A graphic that shows silhouettes of women and the university logo with text that reads

International Women’s Day is a global reminder to recognize and honour the many and multifaceted contributions and achievements of women in every aspect of our lives and our world.

It’s also a time to take stock of advancements toward gender equity and to renew a commitment to do more.

International Women’s Day is a call to action: To dismantle barriers to equity, to challenge stereotypes and to create conditions where women’s contributions and value are recognized.

At McMaster, our students, faculty and staff are committed to embracing and celebrating diversity and empowerment year-round.

A graphic that reads "International Women's Day" alongside headshots of 10 women


‘It’s time we start thinking about the value in difference’

Inclusive leadership isn’t just a best practice; it is a way of being in the world, writes Postdoctoral fellow Sheena Jary.

“Inclusive leadership is something we can all do — and we can practise it every day, at any time and in any context, simply by showing compassion and expressing interest in others — and in the world.

It’s time we start thinking more about the value in difference — and there’s no time like International Women’s Day to begin.”

Jary asked women across campus to reflect on leadership and inclusive excellence. Click here for what they had to say


Making a difference


Science student’s podcast delves into women’s health

Image of Nidhi Mahotra in the podcast studio with her guest Faculty of Science Dean Maureen MacDonald

With the support of Professor Kristina Trim, whose course equips students to explore their interests, Life Sciences student Nidhi Malhotra’s launched a podcast about women’s nutrition, hormone imbalances and gut health.

Fighting to be seen: The stories of early modern women philosophers

waist up portrait of Allauren Forbes

Researcher Allauren Forbes’ work focuses on women philosophers from the 16th to the 19th centuries, when they had to resort to unusual measures to be heard. Not much has changed.

Three ways to promote gender equity

Michelle Phoenix, an associate professor in the Speech-Language Pathology Program in the School of Rehabilitation Science, is co-chair of the school’s Anti-Racism, Anti-Bias, Anti-Oppression (ARABAO) Committee. In this video, Phoenix shares 3 ways you can promote gender equity.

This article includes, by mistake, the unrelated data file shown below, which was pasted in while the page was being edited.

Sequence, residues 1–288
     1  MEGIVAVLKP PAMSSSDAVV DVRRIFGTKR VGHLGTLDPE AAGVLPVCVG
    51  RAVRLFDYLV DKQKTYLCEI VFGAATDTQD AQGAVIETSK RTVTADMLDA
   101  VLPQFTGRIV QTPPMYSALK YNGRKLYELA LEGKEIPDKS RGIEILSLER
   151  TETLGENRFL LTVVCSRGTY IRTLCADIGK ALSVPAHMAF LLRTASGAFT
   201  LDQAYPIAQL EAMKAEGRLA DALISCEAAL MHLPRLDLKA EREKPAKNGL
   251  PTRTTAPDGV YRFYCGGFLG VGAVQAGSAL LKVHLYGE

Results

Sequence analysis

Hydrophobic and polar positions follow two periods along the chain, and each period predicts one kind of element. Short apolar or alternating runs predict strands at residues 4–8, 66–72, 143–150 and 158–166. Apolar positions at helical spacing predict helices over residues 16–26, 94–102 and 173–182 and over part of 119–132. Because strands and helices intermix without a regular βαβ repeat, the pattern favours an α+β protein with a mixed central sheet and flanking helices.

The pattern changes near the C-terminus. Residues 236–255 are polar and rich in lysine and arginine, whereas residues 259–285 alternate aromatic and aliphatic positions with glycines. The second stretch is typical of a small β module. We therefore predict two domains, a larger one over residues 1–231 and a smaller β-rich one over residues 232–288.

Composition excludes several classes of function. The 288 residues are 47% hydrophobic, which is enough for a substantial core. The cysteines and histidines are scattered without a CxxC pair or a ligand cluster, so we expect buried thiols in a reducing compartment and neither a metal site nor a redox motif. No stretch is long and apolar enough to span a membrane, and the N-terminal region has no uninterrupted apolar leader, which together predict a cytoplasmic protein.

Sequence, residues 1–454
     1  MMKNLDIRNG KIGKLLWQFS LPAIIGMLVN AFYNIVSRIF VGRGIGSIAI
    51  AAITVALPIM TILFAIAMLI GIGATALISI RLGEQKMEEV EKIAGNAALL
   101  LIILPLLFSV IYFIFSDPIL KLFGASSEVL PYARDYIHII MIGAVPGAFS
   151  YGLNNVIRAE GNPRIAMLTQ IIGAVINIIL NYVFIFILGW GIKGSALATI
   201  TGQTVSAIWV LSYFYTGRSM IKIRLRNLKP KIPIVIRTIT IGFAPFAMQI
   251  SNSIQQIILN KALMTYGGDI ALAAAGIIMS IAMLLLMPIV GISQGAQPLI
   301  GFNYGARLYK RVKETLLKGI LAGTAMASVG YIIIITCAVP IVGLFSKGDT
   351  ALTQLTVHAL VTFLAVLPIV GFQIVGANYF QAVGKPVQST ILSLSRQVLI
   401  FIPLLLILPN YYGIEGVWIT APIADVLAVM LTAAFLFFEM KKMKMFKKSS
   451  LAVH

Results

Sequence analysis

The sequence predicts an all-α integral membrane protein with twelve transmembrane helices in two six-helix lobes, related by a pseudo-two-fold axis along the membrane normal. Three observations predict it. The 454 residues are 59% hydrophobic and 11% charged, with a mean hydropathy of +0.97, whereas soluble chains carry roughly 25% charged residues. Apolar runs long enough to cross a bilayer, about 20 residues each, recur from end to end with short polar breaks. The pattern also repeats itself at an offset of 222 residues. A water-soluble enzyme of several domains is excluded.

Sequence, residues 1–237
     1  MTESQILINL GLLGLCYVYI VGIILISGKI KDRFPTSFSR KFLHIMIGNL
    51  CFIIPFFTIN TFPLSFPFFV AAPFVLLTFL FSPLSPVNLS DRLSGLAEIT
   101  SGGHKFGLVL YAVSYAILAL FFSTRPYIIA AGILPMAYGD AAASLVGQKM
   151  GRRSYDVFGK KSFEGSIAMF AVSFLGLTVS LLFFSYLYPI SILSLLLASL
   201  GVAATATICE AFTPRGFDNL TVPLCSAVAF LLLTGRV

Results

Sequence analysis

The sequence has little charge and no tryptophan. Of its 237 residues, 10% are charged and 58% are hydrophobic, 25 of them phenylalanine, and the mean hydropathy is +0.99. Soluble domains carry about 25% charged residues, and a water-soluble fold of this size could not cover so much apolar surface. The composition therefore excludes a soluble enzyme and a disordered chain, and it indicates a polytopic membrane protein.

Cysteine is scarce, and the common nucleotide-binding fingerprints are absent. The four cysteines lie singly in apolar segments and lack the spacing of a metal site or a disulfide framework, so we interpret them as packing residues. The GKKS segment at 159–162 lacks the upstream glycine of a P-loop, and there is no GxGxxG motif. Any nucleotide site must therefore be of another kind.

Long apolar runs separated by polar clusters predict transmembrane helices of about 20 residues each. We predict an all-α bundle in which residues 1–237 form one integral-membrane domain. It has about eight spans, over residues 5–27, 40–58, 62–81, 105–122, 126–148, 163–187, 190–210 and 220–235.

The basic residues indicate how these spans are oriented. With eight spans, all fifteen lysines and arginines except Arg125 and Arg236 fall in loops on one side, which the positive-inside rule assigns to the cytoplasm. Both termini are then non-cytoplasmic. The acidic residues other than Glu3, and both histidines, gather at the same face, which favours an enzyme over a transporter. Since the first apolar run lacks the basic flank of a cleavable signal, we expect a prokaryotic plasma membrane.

Analysis: Girls are the leaders of today, not just the future

A girl holding a sign that says don't tell me what to do with my bodyGirls are profoundly aware of gender, race, class and climate injustice and are working hard to create change with the resources they have, writes PhD candidate Alexe Bernier.


Four ways Mac Eng is igniting interest in STEM for girls 

Four girls holding up a project that says "STEM squad"The Faculty of Engineering’s Community Outreach team is connecting with girls and young women through barrier-free programming.


‘Every industry needs to be representative of the society that we live in’ — In pursuit of diversity in tech

Headshot of Uma Gopinath smilingMetrolinx’s Chief Information Officer and DeGroote School of Business Directors College graduate Uma Gopinath is a driving force in closing the gender gap in the male-dominated industry.

‘Lifesaver’ program helps Science faculty members balance research and real life

Image of Kristen Bell standing with her arms folded in the middle of gym equipmentAssistant professor and new parent Kirsten Bell talks about the Life Events Support Program, which helps faculty members keep their labs running while on leave.


Making progress toward gender parity

Four female students standing in front of the Eng building, seen through the iron ring. In fall 2023, the incoming cohort of BEng students included 43 per cent women — a 19 per cent increase since 2017. This marks a new milestone in the Faculty’s 65-year history.


Analysis: Violence prevention can transform Canadian hockey culture — but only if implemented properly

A hockey player, seen from ice level.Violence prevention programs aimed at boys and men reduce the likelihood of abuse and improve the chances of bystanders intervening on behalf of victims, writes Maddie Brockbank.



A group of smiling people sitting around a round table at an event.
One of the many tables full of McMaster community members at the YWCA Women of Distinction Awards 2024. (Photo from Susan Tighe)

Honouring Women of Distinction

From a current student to a 1982 graduate of the medical school to an activist who has guest lectured here, McMaster has been a part of the story for many of this year’s winners. The YWCA Hamilton’s annual awards celebrate changemakers whose tireless work and leadership is creating meaningful change. Learn more


Advancing gender equity in health care and education

circular headshot of Saroo Sharda“While it is important that we celebrate how far we have come in health care and academia regarding gender equity, it is crucial to remember there is still much to be done,” writes Saroo Sharda, associate dean of Equity and Inclusion for the Faculty of Health Sciences. Sharda talked to some of her colleagues, who have consistently moved forward gender equity in their careers in health care.

Click here for a statement from Barrington Walker, Vice-Provost of Equity and Inclusion.